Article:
Monday, April 16, 2012

Titanic Lore: A Fascinating Look at the Cuisine Aboard the Luxury Liner

Authors Anthony F. Chiffolo and Rayner W. Hesse, Jr. share some history and recipes from the ocean liner Titanic:

The sinking of the ocean liner RMS Titanic on April 15, 1912, was a major sea disaster that still rivets the collective imagination. This year marks the one hundredth anniversary of the night the Titanic struck an iceberg and sank beneath the cold surface of the North Atlantic, and much has been and will be written about the ship and her passengers. To round out the historical details that have become part of the Titanic lore, we present here some information about the provisioning of the ship for her maiden voyage.

The Titanic was carrying 2,207 passengers (below capacity) and 898 crewmembers. To feed this number during the planned ocean crossing, an enormous amount of food had to be loaded on board. The list of provisions included 75,000 pounds of fresh meat, 11,000 pounds of fresh fish, 7,500 pounds of bacon and ham, 25,000 pounds of poultry, and 2,500 pounds of sausages; 40,000 fresh eggs; 40 tons of potatoes, 3,500 pounds of onions, 3,500 pounds of tomatoes, and 2,500 pounds of fresh peas; 800 bundles of asparagus and 7,000 heads of lettuce; 2,200 pounds of coffee and 800 pounds of tea; 250 barrels of flour and 10,000 pounds of sugar; 36,000 oranges, 16,000 lemons, 36,000 apples, and 13,000 grapefruits; 1,500 gallons of milk, 1,200 quarts of fresh cream, and 6,000 pounds of butter; 20,000 bottles of beer and stout, 1,500 bottles of wine, 15,000 bottles of mineral waters; and 8,000 cigars. The very numbers seem incredible, even to those of us who buy “in bulk” at some of the big box stores, but the ship’s supply officers were quite experienced and knew exactly how much each passenger would require during the course of the voyage.

For Sunday, April 14, 1912, the menu for the first-class luncheon, which was served from 1:00 to 2:30 p.m., consisted of consommé fermier; cock-a-leekie soup; fillets of brill; egg à l’Argenteuil; chicken à la Maryland; corned beef with vegetable dumplings or grilled mutton chops; mashed, fried, or baked jacket potatoes; custard pudding; lemon meringue; and pastry. If passengers missed the luncheon seating, there was also a 24-hour buffet that served dishes such as salmon mayonnaise, potted shrimps, Norwegian anchovies, soused herrings, plain and smoked sardines, roast beef, round of spiced beef, veal and ham pie, Virginia and Cumberland ham, bologna sausage, brawn, galantine of chicken, corned ox tongue, lettuce, beetroot, and tomatoes. A cheese board consisted of Cheshire, Stilton, Gorgonzola, Edam, Camembert, Roquefort, St. Ivel, and cheddar. Finally, Munich lager beer was available on draft.!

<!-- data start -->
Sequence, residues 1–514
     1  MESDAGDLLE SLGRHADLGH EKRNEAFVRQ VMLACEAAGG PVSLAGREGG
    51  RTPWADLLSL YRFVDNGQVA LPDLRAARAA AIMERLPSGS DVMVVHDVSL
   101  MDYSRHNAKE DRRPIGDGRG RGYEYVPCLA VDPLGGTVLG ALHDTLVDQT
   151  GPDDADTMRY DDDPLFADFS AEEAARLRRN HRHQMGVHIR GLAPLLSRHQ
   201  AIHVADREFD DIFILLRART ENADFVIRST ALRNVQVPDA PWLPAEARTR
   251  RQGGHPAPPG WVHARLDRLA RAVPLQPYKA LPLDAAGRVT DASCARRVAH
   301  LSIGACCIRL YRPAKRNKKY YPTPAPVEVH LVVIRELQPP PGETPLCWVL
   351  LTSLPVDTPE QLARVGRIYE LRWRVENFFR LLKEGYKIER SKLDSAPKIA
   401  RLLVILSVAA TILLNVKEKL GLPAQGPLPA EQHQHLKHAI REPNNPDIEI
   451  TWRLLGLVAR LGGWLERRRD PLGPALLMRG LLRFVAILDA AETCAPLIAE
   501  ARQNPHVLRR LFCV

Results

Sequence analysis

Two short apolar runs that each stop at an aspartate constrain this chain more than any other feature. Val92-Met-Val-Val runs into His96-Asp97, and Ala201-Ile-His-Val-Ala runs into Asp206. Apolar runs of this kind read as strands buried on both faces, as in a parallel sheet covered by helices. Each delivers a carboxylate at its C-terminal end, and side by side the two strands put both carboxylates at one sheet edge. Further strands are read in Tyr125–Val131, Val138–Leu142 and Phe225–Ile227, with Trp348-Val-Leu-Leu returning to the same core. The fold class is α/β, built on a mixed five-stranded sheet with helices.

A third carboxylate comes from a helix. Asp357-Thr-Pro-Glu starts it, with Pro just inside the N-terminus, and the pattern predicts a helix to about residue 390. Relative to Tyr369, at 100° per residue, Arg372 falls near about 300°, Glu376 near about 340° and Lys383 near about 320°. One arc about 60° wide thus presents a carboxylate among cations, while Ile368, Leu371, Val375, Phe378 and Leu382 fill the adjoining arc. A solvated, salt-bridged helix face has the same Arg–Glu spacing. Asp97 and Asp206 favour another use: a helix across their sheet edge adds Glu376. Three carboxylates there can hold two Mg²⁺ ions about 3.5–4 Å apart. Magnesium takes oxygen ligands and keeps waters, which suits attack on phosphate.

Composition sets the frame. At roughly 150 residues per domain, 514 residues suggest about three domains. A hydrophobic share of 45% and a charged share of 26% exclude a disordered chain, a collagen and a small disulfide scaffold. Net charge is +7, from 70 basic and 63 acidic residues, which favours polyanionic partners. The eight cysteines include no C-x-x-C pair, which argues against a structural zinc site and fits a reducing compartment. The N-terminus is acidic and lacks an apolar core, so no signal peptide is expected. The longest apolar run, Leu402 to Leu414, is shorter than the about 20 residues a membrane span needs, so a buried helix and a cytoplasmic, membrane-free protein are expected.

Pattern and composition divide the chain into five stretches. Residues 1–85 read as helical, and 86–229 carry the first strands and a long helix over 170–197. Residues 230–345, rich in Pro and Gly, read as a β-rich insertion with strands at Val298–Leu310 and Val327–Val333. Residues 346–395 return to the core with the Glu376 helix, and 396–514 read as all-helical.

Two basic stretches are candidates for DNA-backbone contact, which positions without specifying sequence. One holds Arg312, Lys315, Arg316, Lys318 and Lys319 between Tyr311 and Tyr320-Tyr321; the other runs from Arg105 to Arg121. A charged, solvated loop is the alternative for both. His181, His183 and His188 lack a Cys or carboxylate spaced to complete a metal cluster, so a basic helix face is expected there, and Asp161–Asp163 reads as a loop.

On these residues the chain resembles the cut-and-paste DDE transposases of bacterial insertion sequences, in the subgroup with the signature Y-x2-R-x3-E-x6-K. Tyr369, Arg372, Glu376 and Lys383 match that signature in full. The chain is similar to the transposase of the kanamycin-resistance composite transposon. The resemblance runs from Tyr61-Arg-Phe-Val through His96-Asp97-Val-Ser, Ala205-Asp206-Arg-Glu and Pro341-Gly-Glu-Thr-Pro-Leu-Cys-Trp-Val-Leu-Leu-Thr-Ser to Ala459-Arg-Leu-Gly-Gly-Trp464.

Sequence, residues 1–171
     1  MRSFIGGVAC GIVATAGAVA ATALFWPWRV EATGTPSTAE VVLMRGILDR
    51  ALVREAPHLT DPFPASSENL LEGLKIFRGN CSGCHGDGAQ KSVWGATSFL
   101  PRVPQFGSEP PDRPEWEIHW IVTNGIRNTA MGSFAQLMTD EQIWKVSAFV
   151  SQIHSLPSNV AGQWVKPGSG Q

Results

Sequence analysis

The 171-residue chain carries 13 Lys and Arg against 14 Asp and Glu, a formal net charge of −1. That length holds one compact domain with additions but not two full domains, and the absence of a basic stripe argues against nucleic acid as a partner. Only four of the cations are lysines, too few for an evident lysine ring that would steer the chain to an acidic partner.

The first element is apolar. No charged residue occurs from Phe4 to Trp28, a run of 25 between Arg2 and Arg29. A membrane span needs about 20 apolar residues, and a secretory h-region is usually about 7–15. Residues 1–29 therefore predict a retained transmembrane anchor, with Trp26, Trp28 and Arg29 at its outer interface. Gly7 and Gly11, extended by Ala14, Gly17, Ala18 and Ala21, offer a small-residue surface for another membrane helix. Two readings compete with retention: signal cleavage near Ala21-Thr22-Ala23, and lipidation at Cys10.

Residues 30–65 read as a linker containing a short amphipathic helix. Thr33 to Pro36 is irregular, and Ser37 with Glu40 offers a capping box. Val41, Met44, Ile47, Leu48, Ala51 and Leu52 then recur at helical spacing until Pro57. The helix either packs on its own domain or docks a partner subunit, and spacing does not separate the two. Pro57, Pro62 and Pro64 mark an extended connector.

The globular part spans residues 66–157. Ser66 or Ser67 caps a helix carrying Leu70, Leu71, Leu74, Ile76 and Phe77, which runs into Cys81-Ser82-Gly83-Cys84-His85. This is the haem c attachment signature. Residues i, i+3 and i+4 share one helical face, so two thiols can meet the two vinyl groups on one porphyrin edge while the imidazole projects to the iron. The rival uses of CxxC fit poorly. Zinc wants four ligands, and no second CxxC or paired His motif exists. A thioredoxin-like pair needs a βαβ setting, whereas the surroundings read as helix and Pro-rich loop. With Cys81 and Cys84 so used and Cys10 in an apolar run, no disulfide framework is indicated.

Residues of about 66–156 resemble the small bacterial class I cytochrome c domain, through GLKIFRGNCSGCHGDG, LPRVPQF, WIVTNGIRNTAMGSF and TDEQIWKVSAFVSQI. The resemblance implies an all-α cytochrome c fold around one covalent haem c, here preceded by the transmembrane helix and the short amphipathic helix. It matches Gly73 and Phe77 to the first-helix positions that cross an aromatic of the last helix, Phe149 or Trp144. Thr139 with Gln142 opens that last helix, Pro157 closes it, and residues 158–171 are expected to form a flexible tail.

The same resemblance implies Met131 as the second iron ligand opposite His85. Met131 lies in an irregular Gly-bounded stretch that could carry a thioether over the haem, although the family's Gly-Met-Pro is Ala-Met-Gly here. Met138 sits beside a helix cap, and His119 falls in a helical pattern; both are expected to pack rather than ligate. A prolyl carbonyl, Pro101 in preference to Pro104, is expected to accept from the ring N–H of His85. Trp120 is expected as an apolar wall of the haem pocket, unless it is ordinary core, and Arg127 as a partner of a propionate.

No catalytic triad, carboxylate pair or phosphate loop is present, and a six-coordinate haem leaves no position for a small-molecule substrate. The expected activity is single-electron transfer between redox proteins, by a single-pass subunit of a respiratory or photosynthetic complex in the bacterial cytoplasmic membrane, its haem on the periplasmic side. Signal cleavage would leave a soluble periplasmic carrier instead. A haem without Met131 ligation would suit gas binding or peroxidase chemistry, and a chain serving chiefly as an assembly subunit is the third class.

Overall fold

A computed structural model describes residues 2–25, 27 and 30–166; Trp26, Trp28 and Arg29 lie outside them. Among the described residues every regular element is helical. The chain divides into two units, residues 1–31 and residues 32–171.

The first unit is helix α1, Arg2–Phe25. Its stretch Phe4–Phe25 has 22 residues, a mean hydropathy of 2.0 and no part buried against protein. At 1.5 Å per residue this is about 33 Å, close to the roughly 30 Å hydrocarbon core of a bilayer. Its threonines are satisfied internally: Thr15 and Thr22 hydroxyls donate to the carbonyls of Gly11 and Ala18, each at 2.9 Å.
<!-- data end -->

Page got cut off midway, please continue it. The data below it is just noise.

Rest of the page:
Sunday dinner was served from 6:00 to 7:30 p.m. For the first-class passengers, the menu was quite extensive: Hors D’Oeuvres Variés, Oysters, Consommé Olga, Cream of Barley Soup, Salmon with Mousseline Sauce and Cucumber, Filets Mignons Lili, Sauté of Chicken Lyonnaise, Vegetable Marrow Farcie, Lamb with Mint Sauce, Roast Duckling with Apple Sauce, Sirloin of Beef with Château Potatoes, Green Peas and Creamed Carrots, Boiled Rice, Parmentier and Boiled New Potatoes, Punch Romaine, Roast Squab and Cress, Cold Asparagus Vinaigrette, Pâté de Foie Gras with Celery, Waldorf Pudding, Peaches in Chartreuse Jelly, Chocolate and Vanilla Éclairs, and French Ice Cream. Truly an elegant meal to mark the first Sunday of the Titanic’s voyage, and one for which the diners dressed even more splendidly than usual!

Some Titanic enthusiasts have suggested that as the meal came to an end, the first-class guests were served fresh fruit and cheese. This idea is based on the witness of one survivor who mentioned that every table was feted with a large basket of fruit, including incredibly large and delectable bunches of grapes. This goes beyond elegance to the point of overkill, and since it was not listed on the menu itself, it’s possible that the witness was referring to the cheeses and fruits available in the buffet for the guests to take to their staterooms, to help stave off hunger pains until the next feast could be had.

By 1912 it had become the tradition to serve coffee at the end of a good meal, probably either a drip blend or some sort of Turkish variety, much like today’s espresso. This was accompanied by port, post-dining liqueurs, and, for the gentleman, cigars.[1]

Anthony F. Chiffolo and Rayner W. Hesse, Jr. are the authors of Cooking with the Movies: Meals on Reels and Cooking with the Bible: Recipes for Biblical Meals. When not cooking, Hesse serves as pastor of St. John’s Episcopal Church in New Rochelle, NY, and Chiffolo is Editorial Director at ABC-CLIO. They reside in Hartsdale, NY.  Their website is .

[1] Archbold, Rick, and Dana McCauley. Last Dinner on the Titanic. Toronto: Madison Press Books, 1997, 90.

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